Caesar’s Concerto: A Story of Music and Healing
An intro, a chorus, and an outro of highs and lows are critical components of composition. Caesar Sant’s story holds true to these elements. Caesar’s ballad began in Providence, Rhode Island, where he was born thirteen years ago. What started as a high note for his parents, Lucas and Aline, fell when they received the distressing news that their newborn had sickle cell anemia.
Disheartened, but faithful, Lucas and Aline searched for answers. Medical journals and meaningful conversations with doctors provided remedies. During this time, Lucas and Aline made a conscious decision that Caesar would not be defined by his diagnosis. This prompted a different kind of calling.
Caesar began studying classical music. A violin was soon resting on his shoulder, a bow securely clasped within his small hand, and his chords were suddenly turning rooms into concert halls. He was a natural. By age four, he had mastered the Vivaldi Concerto in A minor. Unfortunately, sickle cell had brought down the curtains. Caesar suffered three strokes that year, leaving him unable to walk or, much worse, play the violin.
The setback was temporary, and he was soon ready for a comeback. After much patience, Caesar’s medical journey led him to the National Institutes of Health and The Children’s Inn. Accompanied by his father, Lucas, they soon made their way to Bethesda, Maryland. At the same time, Caesar began rehearsing again. In fact, he was given the unique opportunity to play alongside the great violinist Itzhak Perlman.
At the Clinical Center, Caesar was soon scheduled for a bone marrow transplant-a cure for sickle cell. His six-year-old sister, Helen, was his donor. The procedure took place early this fall. Although he had expected side effects and transplant complications, including the need for blood transfusions, Caesar is doing well. “He is stronger, far more colorful and energetic than previous,” his father expressed with a lighthearted smile. “He even gained weight,” he added with a chuckle.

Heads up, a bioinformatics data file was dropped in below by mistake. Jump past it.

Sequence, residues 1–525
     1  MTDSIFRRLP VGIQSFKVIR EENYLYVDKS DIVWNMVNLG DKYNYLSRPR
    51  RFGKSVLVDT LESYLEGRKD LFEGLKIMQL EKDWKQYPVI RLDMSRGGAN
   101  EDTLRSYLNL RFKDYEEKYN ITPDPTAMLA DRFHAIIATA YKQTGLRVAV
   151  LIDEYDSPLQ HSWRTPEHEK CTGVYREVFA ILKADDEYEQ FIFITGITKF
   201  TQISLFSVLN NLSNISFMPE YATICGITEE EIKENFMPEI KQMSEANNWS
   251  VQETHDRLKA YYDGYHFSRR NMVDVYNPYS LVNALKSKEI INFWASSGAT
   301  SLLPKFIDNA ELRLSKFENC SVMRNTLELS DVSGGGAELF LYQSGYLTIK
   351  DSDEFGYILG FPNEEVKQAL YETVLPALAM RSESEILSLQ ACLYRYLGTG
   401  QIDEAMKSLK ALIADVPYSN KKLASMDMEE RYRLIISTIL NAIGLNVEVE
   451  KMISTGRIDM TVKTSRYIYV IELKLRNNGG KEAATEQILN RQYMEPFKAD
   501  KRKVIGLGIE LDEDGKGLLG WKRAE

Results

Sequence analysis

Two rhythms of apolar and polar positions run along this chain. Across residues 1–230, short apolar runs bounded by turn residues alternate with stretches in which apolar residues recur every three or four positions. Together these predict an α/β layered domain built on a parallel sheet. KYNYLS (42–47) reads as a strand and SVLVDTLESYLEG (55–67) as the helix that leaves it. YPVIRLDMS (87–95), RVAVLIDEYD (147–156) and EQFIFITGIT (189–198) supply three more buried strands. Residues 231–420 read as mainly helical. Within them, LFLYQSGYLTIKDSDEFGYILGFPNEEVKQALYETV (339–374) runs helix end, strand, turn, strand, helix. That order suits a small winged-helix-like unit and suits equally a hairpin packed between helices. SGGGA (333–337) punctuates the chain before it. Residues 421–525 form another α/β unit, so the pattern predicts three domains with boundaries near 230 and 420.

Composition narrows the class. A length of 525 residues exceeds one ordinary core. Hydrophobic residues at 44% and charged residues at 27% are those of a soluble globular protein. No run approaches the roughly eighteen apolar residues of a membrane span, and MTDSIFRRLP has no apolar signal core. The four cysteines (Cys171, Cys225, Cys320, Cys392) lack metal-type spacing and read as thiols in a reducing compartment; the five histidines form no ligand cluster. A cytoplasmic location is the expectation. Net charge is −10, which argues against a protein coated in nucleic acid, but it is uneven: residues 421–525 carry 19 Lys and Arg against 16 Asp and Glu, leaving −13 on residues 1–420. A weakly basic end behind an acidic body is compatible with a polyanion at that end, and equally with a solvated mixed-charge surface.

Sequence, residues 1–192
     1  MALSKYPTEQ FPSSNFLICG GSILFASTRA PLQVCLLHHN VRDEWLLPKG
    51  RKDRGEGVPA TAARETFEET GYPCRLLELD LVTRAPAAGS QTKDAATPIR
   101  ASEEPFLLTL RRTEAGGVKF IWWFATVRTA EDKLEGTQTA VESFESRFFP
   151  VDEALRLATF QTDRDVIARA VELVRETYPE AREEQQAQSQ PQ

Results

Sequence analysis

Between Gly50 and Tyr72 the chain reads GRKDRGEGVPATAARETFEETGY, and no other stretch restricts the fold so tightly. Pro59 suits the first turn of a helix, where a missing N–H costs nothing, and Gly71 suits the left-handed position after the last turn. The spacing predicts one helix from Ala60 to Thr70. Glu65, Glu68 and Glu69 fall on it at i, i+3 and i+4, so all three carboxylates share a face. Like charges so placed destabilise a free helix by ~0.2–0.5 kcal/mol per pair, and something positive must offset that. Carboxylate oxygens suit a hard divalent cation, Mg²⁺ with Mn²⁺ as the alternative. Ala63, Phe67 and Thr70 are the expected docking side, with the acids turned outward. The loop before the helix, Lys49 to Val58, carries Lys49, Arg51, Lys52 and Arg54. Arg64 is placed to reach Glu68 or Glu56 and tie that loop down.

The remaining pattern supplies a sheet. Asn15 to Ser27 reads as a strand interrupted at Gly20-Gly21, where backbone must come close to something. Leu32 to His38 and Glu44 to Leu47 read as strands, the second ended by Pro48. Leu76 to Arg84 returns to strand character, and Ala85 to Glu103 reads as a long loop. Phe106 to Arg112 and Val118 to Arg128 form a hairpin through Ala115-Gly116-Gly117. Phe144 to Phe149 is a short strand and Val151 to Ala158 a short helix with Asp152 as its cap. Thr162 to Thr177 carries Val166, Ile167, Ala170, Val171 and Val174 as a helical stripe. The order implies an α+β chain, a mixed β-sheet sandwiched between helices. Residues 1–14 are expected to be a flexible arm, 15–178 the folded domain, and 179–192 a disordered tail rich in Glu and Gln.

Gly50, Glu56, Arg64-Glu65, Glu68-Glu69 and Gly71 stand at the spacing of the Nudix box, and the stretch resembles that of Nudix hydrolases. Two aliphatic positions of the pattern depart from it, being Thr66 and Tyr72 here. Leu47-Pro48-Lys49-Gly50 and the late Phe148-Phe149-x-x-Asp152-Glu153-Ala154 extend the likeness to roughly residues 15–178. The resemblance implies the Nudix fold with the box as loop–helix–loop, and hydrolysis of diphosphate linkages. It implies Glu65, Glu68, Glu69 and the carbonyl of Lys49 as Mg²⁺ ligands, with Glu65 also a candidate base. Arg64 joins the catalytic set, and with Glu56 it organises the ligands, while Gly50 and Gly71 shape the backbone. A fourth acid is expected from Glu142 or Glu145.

At The Inn, Caesar’s ethereal and piercingly beautiful melodies have filled the hallways and rooms. Staff and Inn families alike have been swept away by his considerable virtuosity. In turn, Caesar and his father have been appreciative of The Inn’s commitment.
The Children’s Inn is a heavenly place. Caesar’s medical journey would be impossible without The Inn’s well thought out accommodations, support, and care.–Lucas Sant
The road to recovery continues for Caesar. He is beyond excited to return home and be reunited with his family days before Christmas. His journey is a true testament to the power of faith, resilience, and music.
Thanks to caring people like you, Caesar and other children, teens and young adults with rare and life-threatening diseases can pursue groundbreaking treatments only available as part of NIH clinical research studies while staying free of charge at The Children’s Inn at NIH.